Thinking Differently About Time on Task
More time on task — growing evidence, along with simple common sense, shows that the more hours students engage in learning, the more they can boost their academic achievement. That, along with increasing concerns about the learning reversals students suffer over the summer, is why more and more school districts are starting to think beyond the confines of the six-hour-a-day, 180-day-a-year box.
An analysis by Education Sector, which has been closely following the issue of Extended Learning Time, finds that more than 1,500 public schools have either extended their schedules or plan to do so next year. More than half of these schools are low-performers with federal improvement grants. The others, according to the National Center on Time and Learning, are a mix of charter schools supported by networks and traditional public schools, mostly supported by states or districts. The state of Massachusetts supports extended time in 19 schools in 9 districts, and the Apollo initiative in Houston has supported longer schedules at 20 low-performing schools.
“Extended time” doesn’t have to mean any one kind of arrangement. Schools can add anything from a few minutes to 4 hours to the school day, or up to 30 days to the school year. They can make individual classes longer using block schedules. They can take a month out of the summer vacation, or work with a community-based organization to add time each day. They can also “find time” by leveraging the power and efficiencies of digital technology.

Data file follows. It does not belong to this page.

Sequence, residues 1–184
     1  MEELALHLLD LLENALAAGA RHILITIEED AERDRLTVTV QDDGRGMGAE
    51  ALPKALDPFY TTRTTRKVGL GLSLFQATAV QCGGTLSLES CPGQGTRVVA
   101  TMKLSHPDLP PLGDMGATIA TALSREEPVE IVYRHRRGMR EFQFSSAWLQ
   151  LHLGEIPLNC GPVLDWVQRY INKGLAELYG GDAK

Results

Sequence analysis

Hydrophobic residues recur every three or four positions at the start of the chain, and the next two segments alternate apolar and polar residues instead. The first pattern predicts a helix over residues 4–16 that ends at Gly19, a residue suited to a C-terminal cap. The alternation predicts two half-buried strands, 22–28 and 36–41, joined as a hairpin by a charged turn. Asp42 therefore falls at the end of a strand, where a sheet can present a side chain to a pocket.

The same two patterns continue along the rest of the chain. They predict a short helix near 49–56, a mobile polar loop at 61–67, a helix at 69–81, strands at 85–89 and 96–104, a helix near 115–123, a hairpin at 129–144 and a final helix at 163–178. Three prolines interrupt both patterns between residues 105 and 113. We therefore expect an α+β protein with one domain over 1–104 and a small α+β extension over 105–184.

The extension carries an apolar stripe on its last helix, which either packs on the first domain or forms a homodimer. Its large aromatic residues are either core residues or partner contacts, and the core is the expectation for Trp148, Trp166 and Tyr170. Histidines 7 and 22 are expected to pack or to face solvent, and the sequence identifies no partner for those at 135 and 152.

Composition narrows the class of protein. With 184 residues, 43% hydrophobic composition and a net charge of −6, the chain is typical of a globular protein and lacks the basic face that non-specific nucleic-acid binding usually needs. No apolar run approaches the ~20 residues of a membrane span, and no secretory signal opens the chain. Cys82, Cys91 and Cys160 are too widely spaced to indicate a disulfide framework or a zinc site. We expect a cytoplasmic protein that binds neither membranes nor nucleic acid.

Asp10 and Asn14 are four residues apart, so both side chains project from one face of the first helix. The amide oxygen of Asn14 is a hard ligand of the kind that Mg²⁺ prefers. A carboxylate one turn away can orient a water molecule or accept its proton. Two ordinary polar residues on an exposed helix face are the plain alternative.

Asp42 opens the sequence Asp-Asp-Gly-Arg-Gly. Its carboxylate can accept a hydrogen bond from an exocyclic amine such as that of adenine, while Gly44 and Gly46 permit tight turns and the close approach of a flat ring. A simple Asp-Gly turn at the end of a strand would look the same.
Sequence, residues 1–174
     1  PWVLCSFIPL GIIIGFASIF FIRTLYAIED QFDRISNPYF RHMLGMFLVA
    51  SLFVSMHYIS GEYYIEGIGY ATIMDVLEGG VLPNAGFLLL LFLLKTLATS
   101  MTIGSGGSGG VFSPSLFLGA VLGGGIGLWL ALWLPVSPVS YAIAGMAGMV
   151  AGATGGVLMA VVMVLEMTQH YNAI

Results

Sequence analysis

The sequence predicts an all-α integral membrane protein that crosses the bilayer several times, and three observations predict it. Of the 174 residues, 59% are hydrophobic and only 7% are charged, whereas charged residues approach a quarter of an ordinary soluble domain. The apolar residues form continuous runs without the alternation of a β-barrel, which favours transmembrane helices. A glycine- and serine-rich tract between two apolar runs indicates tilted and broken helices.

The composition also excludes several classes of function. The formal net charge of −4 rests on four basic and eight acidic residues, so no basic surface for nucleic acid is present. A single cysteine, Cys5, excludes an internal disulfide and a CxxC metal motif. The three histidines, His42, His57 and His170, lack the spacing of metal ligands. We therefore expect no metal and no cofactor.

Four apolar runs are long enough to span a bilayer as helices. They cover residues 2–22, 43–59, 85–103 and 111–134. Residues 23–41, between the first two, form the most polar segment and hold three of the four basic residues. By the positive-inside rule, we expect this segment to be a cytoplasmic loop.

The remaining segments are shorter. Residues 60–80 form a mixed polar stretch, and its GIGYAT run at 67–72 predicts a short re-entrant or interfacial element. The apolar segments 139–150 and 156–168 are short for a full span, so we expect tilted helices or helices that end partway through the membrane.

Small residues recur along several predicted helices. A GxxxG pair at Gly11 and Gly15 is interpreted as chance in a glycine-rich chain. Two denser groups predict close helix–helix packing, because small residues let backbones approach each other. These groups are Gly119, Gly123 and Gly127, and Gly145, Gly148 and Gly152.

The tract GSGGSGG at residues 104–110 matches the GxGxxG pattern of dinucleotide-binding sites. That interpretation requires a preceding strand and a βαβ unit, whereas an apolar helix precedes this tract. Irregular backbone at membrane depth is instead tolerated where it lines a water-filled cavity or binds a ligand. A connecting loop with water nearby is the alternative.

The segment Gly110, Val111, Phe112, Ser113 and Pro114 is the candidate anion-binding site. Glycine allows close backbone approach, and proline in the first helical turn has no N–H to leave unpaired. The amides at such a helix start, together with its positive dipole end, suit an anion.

But if the possibilities for extending time are many, and the benefits clear, it is also obvious that many barriers are keeping promising ideas from being implemented and successful programs from growing and being replicated. Federal stimulus funding has helped, but it is unlikely to be repeated. Unfriendly regulations frustrate program operators. Partnerships among schools, community organizations and other groups essential to making high-quality expanded time workable can be hard to establish and maintain. Leadership is needed across all sectors and at every level. And hard evidence – particularly about what program features work best for children over time – is in frustratingly short supply.
What can we do at the federal level to extend learning time? That was a question posed at a conference on “Reimagining the School Day” sponsored by the Wallace Foundation. One thing blocking more ELT initiatives, participants agreed, is the widespread perception that regulation constrains action. Data-sharing is just one example. Programs would likely work better if schools and after-school programs exchanged information, but districts are often wary of doing so, concerned about student privacy and other legal considerations. While such fears are legitimate, they can also be overblown. And while red tape is more often real than imagined, other misconceptions can apply to how school districts spend federal dollars. One problem that seems peripheral — chronic absenteeism in extended time programs — can be relieved by changing the way attendance is tracked.
Whatever form it takes, expanded learning is an argument against some of the longest-held conventions about learning: that the existing timetable is the right one, that the traditional schedule provides enough opportunity for all children, and that the school-based format is somehow separate from learning beyond school walls. As Paul Reville, the commissioner of education for Massachusetts, put it: “We’re used to the way schools are. We’ve balanced our delicately framed lives around it.”
We need to think differently — because if we don’t increase learning opportunities, we will increase learning gaps.